asbestos insulation... and removal

Let me preface this… I did not recommend the new owners remove this insulation themselves…

upon seeing the insulation on the old steam piping, the buyer and his father was like… “we can remove that, just wear a good respirator…” I urged them to look into it a little further and contact a qualified professional prior to attempting to remove this stuff (in very poor shape)

any other thoughts to handle this? I know it is very expensive to hirer this work out… I have heard various reports that homeowners are allowed to remove a limited amount themselves (taking precautions) and dispose of it themselves… :neutral: this question was intended for my knowledge overall vs. directing any clients to do this type of stunt!!!

thanks in advance…


All asbestos (whether it be 1" or 100 feet) must be removed by a licensed Asbestos removal contractor.

Keep in mind that if the Asbestos is not friable or flaking, it does not have to be removed. In your situation here, it requires immediate encapsulation or removal.

Here’s the information I supply my clients regarding Asbestos…

Generally, asbestos-containing materials do not have to be removed from any residential property. In fact, asbestos-containing material does not have to be removed from any residential structures unless it will be disturbed during renovations or demolition activities. As long as the asbestos-containing material is in good condition, in tact and will not be disturbed; it does not pose a significant health risk. It’s when asbestos is exposed and friable, flaking or crumbling, and that it’s likely to become airborne, is when I recommend encapsulation or professional removal by properly licensed personnel. Removal should never be attempted by the homeowner. This action requires special equipment and detailed training which would generally be too expensive and time-consuming for a homeowner to acquire for a one-time job. Removal is also the last choice among alternatives because it poses the most risk of fiber release if not done properly.

Thanks Dave,

I agree… however I found some info on the state of maine website that allow asbestos removal on the exterior of homes… page 11/12 of this document…

I basically recommended a professional and referred the client to the State and Federal websites.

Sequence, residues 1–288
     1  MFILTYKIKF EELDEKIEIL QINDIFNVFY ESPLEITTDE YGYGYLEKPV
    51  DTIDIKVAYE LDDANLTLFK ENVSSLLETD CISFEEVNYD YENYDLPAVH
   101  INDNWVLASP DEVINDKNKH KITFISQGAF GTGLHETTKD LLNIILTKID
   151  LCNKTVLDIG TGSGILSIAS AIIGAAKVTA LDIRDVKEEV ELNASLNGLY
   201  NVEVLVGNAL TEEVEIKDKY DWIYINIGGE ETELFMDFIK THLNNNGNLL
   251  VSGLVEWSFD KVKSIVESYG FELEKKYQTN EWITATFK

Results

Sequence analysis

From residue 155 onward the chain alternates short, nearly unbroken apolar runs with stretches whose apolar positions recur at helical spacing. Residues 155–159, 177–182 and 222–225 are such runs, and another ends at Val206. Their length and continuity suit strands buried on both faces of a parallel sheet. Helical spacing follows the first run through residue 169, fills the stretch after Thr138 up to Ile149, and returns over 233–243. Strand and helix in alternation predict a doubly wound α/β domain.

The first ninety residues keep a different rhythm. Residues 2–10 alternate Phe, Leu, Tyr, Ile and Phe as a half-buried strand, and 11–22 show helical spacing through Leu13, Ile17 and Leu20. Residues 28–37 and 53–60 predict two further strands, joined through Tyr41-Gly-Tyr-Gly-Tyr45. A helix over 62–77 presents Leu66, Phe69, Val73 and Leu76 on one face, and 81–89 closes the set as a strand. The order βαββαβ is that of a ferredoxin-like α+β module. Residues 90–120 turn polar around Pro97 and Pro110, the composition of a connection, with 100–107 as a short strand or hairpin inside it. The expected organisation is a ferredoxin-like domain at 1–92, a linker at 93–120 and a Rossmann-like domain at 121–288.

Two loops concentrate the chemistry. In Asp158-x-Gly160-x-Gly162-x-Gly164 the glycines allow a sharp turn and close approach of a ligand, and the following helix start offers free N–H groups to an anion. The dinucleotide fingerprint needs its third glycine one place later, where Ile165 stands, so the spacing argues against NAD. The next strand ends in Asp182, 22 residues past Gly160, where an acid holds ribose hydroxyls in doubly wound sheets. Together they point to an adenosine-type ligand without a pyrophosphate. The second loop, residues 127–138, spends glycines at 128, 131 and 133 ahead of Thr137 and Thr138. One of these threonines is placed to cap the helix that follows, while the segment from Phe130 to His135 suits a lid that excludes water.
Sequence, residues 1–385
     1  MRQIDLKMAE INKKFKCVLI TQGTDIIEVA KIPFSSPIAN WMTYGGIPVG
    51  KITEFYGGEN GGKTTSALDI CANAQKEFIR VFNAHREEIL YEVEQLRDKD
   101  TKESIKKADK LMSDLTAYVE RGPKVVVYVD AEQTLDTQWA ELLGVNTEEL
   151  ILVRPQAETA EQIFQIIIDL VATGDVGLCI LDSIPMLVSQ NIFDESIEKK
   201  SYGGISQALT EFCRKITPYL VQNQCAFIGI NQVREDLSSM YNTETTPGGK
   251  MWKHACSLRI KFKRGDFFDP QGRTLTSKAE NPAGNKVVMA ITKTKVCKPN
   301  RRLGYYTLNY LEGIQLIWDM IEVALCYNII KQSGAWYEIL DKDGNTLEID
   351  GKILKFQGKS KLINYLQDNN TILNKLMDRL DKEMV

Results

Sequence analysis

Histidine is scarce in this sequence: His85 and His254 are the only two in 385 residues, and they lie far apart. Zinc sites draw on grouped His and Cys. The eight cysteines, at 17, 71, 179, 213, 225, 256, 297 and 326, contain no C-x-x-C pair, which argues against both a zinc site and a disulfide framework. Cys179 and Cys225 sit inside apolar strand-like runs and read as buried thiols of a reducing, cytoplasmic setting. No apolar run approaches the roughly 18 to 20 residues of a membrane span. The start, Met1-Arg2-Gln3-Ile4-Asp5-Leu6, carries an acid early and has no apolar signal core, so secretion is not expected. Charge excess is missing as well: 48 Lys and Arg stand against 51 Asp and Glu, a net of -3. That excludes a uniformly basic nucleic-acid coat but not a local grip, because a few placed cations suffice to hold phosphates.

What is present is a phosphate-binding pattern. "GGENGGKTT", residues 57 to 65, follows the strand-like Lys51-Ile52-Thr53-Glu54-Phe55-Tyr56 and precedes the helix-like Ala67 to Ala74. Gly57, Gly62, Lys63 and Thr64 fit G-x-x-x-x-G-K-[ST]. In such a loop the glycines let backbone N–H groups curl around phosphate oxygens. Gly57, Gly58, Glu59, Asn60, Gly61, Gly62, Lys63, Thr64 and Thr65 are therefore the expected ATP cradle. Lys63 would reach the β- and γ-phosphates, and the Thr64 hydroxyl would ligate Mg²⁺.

oh and read sections B on page 12/13 interesting too… leaves some room for interpertation…

ohh… check out the photos… the second one shows how friable it really is… this stuff was falling off the piping…

also… they were looking at upgrading some of the piping… old iron piping used for the old coal steam that now was pushing water from the boiler… note that a couple of radiators on second floor was cracked so they were going to repair those and upgrade some piping…

the document previously linked talked to some Licensed boiler techs that are not licensed abatement companies are allowed to remove insulatiion providing they follow procedure… ahhhh too many ways around it for me…

I stick to my guns and refer them to a licensed professional, the EPA and the state department…

Just trying to defend my stance as they fired questions after questions pertaining to they heard or was told, their friend did this or they did that… ohhh by the way… the client is from New Hampshire who may have slightly different rules and regs…


That document link is dead.

Anyways, I stay away from recommending any homeowner to fix, repair or upgrade any component within the home.

Let’s say you tell your client that it’s OK to do a certain task themself (whether MAINE regs allow it or not). They finally move in to their new home and start attacking that particular task. Then all of the sudden one of the new homeowners gets seriously hurt.

Who are they going to blame?

Trust me…(on a serious injury) they will be looking for names.

I simply stay away from giving my clients permission to attack certain projects around the home.

Always refer them to the Pro’s.

That’s why I stated…

Totally agree with David Valley;

Marcel :slight_smile: :slight_smile:

Just to clarify…

and curious as to if anyone had any other knowledge…

also link is fixed.

Good grief Jeff, there is not only the issue of removal, but also containment and disposal, once you start removing that stuff the fibers will be everywhere, definately a job for the pro’s and done under controlled conditions.